With three of the four bidders in attendance, there was an air of excited tension in the room as board members tore into the bid packets. Architect John Berryhill read out the criteria and bids as each packet was opened. Because the bids varied widely in some of the itemized services, however, he and clerk of the works Gordon Bristol said they would make a recommendation after withdrawing to evaluate the total cost of each bid. Services or costs that bidders were asked to include were construction management, preconstruction services, “general conditions” (other site services), wage rates, and a total cost.
Later in the evening, Bristol returned with the results. DEW Construction Corp., of Williston, had the lowest total bid at $672,763, almost $100,000 lower than the next lowest bidder, and more than $200,000 lower than the highest bidder. DEW was the lowest bidder on all of the services in the proposal, but Bristol told board members that, at this point in the process, they only needed to approve the construction management. DEW bid a management fee of 1.25% of the $11,212,730 construction project, or $140,159.
Bristol noted that DEW’s bid on “preconstruction services” was $8,500, about half the amount other firms bid. “When we opened the bid, we asked why they were so low,” he said. “Were they lowballing us and making it up somewhere else? The answer is no, it’s spelled out in their itemization of preconstruction services. They estimate the preconstruction services at $18, 560, but are giving $10,060 for the good of the project.”
Board member Doug Swanson made a motion to approve DEW and, after it was seconded, asked if DEW has done any other projects in southern Vermont. “They’ve done more schools than any other firm around,” said board member Phil Taylor. “And that’s probably why they were the lowest bidder.”
Bristol said that DEW predicted the DVES portion of the project would be completed in nine months and the Twin Valley Middle/High School portion would be completed in 16 months.
Board members approved a contract, pending a legal review.
In related matters, board members agreed to create a committee to manage and oversee the academic program for the consolidated pre-K-12 program. One of the committee’s first tasks is to help develop a vision and mission statement for the consolidated schools. The group will also oversee the transition to a consolidated academic program. Board members said the committee, working with administrators, would develop a strategic plan to transform the education program into a “world-class 21st century academic program.”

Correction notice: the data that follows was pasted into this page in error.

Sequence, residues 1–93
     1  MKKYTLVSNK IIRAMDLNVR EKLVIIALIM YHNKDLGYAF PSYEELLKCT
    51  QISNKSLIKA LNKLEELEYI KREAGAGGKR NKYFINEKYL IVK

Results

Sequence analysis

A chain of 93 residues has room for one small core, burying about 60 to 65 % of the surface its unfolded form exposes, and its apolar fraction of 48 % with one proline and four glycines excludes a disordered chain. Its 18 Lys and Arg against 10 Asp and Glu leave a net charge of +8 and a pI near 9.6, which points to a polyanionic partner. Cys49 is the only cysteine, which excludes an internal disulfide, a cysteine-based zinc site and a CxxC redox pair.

“This is a way of blending the two curriculums,” said board member John Doty.
“I think Nancy (Talbot, assistant superintendent) would say the two curriculums are aligned, but things like teaching methods and classroom materials may be different,” said Twin Valley School Board Chair Seth Boyd.
Once the teaching staff is in place, Taylor said, the committee would task the teaching teams with developing the curriculum in their respective departments.
Board members appointed Doty and Taylor to the committee, along with the three principals and a supervisory union representative.
Wilmington board members discussed the future of the pre-K program, in light of the demand for this year’s program at DVES, which exceeded the amount of space available for a full-day pre-K program. “This year there were 25 kids identified that could have been in the program,” said board member Adam Grinold. “If we had that kind of number this year, it could happen again.”
Taylor said there have always been more eligible students than applications. “What’s changed is that parents want to apply for the program,” he said. “Before, when it was a half day, it wasn’t as convenient and we would only get 55% to 75%. Now we’re in our third year of the expanded program and the numbers have crept up.”
School officials have said the problem will be eliminated under the consolidation, and Taylor said he’d take steps to ensure there’s enough room for a robust pre-K program. “I’m double checking with the department of health on room size and design,” he said. “I’ve talked to (DVES Principal Rebecca Fillion), and if we do have demand that exceeds capacity, we can go to a three-classroom scenario. There’s a room that will be flexible to use as a pre-K.”
“It’s a great problem to have,” commented Boyd.
The board also discussed whether they should hire a new legal firm. The current firm is located out of state and, according to board members, sometimes requires more time to research legal issues.
“Should this be done on a supervisory union level?” asked board member Doug Swanson. “Do we want to create more burden on the supervisory union with 10 different lawyers?”
“I hear your point,” said Taylor, “but I’m concerned, given the past legal record, that we are selecting the attorney we need, and not the attorney the SU needs. We’re going to be coming into some areas where we need it.” Taylor referred to the upcoming consolidation, that will likely require laying off Wilmington and Whitingham elementary school teachers through a “reduction in force” notice, and rehiring teachers under the Twin Valley district.
“I think Twin Valley has an interest in having a lawyer for our immediate future, and that’s our own personnel,” said Doty. “Focus on that, and not on past sins.” Doty referred to issues with the middle and high school consolidation several years ago.